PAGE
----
The political system in the United States is broken
I watched the first presidential debate of 2016 last night. Gross.
Why do I have to choose between a shady, back-room power deals career politician and a shady, back-room power deals career businessman? Both of them are liars. Both of them are flip-floppers. Both of them are power hungry. These are not qualities I can support in a leader.
Every logical fallacy I am aware of was at play in the debate last night. These two individuals are not the best choices to lead the United States for the next four years. We shouldn’t have to choose between two paragons of fail. Donald Trump and Hillary Clinton are not root causes. They are not the disease. They are the symptoms of a bigger problem.
The virus of the two-party system, where all opinions are slowly silenced until there are only two voices left. A system of decision making that offers only two choices is not healthy. The debate last night didn’t offer any real dialog about the problems average Americans face. It didn’t offer any real perspectives. That’s because, in the United States, minorities who aren’t bought are still silenced. That’s the real problem.
If you’re a socially progressive and fiscally conservative, like I am, there isn’t a real choice. If you believe politicians should be honest and responsible, you don’t have a real choice this election cycle. If you think government should operate transparently, always choosing to balance personal liberties with social infrastructure that demands personal responsibility, neither of these two is palatable.
They will both hoard power. They will both continue the vast, non-transparent, morally bankrupt security state we’ve been building since Sept. 11, 2001. We’ll keep using drones to extra-judicially murder those who, real or imagined, represent some sort of threat to this nation-state. All of our options will continue being boiled down into soundbites that lack any true substance. I can’t vote for that. I won’t vote for it. I don’t want to build a wall, and I don’t want to create more failed states like Libya and Syria in the name of the American people.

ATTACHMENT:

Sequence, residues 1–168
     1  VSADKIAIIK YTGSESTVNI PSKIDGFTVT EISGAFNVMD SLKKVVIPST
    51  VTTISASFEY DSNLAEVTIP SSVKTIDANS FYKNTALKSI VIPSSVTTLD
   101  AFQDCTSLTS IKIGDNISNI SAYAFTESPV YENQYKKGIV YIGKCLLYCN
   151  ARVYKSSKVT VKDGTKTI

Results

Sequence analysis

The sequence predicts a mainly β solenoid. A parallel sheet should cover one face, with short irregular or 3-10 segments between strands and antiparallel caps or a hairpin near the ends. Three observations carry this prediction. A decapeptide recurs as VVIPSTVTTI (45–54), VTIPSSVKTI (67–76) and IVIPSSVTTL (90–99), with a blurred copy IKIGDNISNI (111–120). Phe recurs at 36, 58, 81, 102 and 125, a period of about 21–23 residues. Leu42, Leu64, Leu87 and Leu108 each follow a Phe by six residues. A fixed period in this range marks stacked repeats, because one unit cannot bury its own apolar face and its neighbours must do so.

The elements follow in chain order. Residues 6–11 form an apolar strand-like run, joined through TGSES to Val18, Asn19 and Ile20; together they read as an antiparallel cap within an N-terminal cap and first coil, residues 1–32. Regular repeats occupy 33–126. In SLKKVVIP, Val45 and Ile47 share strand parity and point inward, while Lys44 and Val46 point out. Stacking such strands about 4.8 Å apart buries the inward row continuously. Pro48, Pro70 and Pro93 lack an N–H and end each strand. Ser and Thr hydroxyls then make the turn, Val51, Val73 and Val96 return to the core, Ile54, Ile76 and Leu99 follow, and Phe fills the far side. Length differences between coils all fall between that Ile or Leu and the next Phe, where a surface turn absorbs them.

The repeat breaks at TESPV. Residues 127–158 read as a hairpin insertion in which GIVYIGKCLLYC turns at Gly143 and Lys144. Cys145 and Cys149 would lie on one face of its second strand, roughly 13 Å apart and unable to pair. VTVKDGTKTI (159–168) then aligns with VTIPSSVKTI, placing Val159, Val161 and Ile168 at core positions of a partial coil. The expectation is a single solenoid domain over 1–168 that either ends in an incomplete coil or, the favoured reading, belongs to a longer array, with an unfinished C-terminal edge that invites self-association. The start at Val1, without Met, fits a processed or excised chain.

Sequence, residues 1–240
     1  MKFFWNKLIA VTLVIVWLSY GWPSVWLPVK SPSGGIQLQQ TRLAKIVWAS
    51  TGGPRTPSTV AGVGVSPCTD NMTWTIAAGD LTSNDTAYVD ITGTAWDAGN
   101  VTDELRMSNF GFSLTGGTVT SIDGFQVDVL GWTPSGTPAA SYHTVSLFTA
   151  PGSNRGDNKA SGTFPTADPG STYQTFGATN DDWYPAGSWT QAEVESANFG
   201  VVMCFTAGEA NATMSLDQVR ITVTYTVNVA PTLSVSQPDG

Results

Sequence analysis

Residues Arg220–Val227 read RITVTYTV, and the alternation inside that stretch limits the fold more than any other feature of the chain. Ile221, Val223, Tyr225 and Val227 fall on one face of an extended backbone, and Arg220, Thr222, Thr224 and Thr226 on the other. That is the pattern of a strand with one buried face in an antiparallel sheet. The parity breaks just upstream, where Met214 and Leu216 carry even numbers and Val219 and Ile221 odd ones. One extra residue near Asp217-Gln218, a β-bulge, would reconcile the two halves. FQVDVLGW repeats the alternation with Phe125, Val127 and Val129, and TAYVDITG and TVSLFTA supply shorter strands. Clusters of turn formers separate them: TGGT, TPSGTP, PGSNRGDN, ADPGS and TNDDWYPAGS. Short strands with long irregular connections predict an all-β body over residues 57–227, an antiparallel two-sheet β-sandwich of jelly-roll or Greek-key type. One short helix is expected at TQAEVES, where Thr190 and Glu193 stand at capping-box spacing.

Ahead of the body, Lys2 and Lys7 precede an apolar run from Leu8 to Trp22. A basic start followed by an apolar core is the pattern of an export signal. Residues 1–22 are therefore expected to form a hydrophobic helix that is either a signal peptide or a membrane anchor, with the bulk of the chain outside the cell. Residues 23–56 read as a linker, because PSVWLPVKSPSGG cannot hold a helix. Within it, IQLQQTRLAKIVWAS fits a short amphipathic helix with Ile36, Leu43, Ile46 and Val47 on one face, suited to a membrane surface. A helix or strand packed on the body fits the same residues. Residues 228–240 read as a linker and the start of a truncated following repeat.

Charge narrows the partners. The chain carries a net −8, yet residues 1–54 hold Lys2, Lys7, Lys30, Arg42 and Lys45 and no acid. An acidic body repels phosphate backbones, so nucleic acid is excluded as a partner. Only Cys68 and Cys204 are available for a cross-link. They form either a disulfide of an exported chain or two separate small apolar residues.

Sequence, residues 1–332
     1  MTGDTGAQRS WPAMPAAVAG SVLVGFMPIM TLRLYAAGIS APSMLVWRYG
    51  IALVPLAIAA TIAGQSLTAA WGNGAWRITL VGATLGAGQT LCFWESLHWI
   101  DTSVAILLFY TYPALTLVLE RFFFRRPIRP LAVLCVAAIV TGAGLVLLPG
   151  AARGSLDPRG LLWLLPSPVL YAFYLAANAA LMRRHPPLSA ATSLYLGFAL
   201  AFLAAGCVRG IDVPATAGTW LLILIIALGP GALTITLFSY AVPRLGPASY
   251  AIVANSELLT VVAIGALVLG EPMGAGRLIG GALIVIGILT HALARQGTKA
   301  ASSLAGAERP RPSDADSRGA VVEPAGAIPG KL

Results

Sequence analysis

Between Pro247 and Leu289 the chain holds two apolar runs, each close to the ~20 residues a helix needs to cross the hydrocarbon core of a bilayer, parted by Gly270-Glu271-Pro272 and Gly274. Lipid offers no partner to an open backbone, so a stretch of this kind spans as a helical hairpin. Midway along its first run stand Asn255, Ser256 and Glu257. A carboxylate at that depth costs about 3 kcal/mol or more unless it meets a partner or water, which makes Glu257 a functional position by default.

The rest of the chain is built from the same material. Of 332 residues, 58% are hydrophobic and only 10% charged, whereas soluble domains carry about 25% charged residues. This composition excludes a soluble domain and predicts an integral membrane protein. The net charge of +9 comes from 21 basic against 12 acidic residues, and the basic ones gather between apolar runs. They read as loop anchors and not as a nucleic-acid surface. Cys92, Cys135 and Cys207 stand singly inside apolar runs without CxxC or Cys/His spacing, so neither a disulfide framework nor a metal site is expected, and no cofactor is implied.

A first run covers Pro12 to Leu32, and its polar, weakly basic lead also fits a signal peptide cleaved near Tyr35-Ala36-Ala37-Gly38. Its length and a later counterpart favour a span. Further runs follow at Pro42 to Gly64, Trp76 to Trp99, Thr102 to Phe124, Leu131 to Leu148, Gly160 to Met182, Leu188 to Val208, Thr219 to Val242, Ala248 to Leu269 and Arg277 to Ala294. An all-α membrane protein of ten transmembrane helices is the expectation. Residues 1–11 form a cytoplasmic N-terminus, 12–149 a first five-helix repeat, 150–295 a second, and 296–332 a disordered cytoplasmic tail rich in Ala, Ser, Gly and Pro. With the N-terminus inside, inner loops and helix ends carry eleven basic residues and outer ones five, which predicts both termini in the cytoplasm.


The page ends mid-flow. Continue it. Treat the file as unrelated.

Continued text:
We owe it to ourselves to destroy the two-party system that offered up these two as our best hope for turning the ship before it collides with an iceberg named mediocrity.
I asked my girlfriend to register to vote. “It just feels like a waste of time,” she said. She’s right.
Until we manage to destroy the two-party system, this country is going to continue its downhill trajectory. It doesn’t matter which party wins in the upcoming election. The problem isn’t the candidates, it’s the system that offered them up as saviors.
It is a waste of time. Even if every one of us who really care about justice, who really care about people, who care enough to actually put aside our biases and do real research were to vote, it doesn’t matter. We are too little too late. We are too few in numbers. The masses of ignorant men and women outnumber us by hordes and refuse to listen to anything other than their own selfish emotions. There is no hope in this, or any other man-made system. They all end the same way. It’s also a waste of time because I strongly suspect the POTUS and possibly many other “elected” officials are chosen before the election even starts. The Presidential election is most certainly a waste of time, because We the People’s voice has never counted in that election. We have deceived ourselves into believing that if we don’t get the President we want, all we have to do is vote our our Senator and Congressman. That’s almost like saying if I don’t get the dinner I want, I’ll elect a new parent. It simply doesn’t work that way. But I’m preaching to the choir.
“No hope in any man made system.”
Does that mean there is no hope at all, or something else?